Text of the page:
Beware: Meaningless Food Labels

Beware: Meaningless Food Labels
By Angela Silva |

As a health conscious people, checking food labels is commonplace when we go to the grocery store. We are bombarded with terms such as “organic,” “all-natural,” “trans-fat free,” and have an idea of what to look for on the label– calories, calories from fat, carbohydrates, sugar, sodium, and the list goes on.

We want to think that we know what foods are healthy and what foods are not, but the food industry is making it trickier than ever to discern the good from the bad.

For example, Greek yogurt is a very popular health food right now. Its package claims that it’s all natural, nonfat, and includes real fruit. For most people, those are reasons enough to believe it’s a healthy option.

What most people don’t realize is that the ingredients list tells a different story.  Sure, you may skim the ingredients list for terms such as “sugar,” “high fructose corn syrup,” and the other common terms for sugar, and delightfully choose the product when you discover none of those terms. But what you don’t notice is the term “evaporated cane juice” listed on that label.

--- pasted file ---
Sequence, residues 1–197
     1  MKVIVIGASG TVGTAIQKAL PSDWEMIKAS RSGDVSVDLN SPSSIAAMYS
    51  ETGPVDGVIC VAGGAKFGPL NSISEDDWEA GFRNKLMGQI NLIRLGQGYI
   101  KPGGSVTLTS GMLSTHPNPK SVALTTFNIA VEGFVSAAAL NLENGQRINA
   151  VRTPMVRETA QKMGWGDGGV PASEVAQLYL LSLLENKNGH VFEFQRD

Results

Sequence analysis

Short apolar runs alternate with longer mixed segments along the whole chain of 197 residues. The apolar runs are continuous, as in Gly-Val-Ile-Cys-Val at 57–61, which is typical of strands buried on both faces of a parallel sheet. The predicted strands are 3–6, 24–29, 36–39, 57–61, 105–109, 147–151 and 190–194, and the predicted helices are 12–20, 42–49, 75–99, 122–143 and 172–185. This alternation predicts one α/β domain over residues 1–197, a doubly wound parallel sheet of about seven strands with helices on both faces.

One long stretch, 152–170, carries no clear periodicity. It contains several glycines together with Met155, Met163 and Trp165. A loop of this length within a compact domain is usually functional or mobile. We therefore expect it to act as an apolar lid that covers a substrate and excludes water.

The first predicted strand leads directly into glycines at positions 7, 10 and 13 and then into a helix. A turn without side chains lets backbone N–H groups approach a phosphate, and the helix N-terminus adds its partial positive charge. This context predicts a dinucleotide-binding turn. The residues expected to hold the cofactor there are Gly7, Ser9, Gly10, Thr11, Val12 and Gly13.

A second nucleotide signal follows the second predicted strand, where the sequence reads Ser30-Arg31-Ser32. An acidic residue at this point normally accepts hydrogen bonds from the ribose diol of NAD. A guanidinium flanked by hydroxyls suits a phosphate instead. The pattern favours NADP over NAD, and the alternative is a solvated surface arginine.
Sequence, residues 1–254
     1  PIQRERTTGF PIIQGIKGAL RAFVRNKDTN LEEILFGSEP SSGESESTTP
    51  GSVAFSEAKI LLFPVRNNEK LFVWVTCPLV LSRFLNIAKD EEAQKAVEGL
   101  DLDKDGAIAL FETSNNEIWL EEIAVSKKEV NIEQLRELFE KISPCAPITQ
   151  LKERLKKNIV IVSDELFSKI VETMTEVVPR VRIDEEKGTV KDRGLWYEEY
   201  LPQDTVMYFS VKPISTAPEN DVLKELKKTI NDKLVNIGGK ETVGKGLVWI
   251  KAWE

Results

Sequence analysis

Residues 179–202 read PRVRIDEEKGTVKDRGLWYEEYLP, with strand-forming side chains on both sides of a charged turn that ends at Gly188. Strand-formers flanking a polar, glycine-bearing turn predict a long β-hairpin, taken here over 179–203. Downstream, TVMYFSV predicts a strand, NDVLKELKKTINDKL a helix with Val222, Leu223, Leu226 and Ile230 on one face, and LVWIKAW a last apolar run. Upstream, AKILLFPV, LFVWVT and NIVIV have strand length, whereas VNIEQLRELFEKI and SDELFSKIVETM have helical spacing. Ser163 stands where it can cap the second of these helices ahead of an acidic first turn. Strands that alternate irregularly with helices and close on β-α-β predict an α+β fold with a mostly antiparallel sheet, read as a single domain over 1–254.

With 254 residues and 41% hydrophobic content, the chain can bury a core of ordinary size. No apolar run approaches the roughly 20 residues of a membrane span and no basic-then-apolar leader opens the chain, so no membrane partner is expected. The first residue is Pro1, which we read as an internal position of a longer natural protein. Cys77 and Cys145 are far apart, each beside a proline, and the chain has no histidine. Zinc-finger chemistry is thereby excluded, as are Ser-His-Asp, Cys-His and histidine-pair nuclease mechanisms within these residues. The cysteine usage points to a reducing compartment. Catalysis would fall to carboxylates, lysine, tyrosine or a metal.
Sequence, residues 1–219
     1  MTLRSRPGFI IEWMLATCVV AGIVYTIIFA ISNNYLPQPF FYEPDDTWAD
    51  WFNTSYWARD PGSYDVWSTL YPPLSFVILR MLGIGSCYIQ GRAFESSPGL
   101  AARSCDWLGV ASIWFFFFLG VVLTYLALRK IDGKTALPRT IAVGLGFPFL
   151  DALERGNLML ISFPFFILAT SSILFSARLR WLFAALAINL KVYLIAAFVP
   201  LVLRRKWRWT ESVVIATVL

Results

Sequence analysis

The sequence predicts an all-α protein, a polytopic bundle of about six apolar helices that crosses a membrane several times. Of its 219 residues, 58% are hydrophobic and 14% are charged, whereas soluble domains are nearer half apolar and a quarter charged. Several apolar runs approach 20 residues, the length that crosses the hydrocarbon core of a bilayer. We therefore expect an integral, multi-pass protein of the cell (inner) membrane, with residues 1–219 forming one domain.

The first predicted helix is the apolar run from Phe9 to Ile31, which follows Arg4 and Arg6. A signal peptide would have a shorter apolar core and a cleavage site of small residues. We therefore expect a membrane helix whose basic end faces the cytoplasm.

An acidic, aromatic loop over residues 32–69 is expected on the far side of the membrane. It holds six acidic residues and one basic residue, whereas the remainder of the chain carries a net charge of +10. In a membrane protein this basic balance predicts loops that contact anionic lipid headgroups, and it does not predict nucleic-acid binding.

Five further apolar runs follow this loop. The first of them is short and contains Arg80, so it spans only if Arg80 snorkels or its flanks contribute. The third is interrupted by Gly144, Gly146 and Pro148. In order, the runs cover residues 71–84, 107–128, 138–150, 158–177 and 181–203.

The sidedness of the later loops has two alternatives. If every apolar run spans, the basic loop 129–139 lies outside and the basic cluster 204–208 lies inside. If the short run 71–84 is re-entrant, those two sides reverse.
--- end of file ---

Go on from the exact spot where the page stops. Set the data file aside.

Evaporated cane juice is nothing more than sugar. If you check the label, you’ll notice there’s 19 grams of it in that Greek yogurt. Many companies have been facing lawsuits for their deceiving ingredients lists. So how can you tell if what you think is healthy is indeed healthy? Here is a list of common food labels and their actual meanings.

  • Organic: These are products that are free of antibiotics, preservatives, growth hormones, and trans fat. These are regulated by the USDA and must have the USDA ORGANIC seal on the packaging.  There are 3 levels of organic, including “100% Organic,”  “organic,” meaning it contains at least 95% organic ingredients, and “made with organic ingredients,” which means it must contain a minimum of 70% organic ingredients.
  • Natural Food: Natural usually means minimally processed, however there is not a legal meaning for this term. The USDA and FDA guidelines say it must not have anything artificial or synthetic, including flavors or colors.
  • Trans fat free: These products must have less than 1% of total fat or no more than 0.5g of trans fat per serving.
  • Cholesterol free: These products must have no more than 2 grams of saturated fat.
  • Low calorie: These products must have no more than 40 calories per serving.

Unregulated terms: In addition to the above terms, there are a lot of terms that are just completely unregulated. These terms include “Free Range,” “Hormone Free,” and “Sustainably Harvested.”

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